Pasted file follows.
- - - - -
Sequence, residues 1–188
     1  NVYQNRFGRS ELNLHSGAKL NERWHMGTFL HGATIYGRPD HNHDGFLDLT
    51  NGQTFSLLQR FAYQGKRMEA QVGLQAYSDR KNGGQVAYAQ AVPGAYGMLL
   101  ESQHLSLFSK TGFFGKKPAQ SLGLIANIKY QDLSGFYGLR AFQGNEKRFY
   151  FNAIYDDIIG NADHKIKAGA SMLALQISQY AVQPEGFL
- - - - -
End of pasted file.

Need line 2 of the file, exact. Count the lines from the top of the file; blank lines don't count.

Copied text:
     1  NVYQNRFGRS ELNLHSGAKL NERWHMGTFL HGATIYGRPD HNHDGFLDLT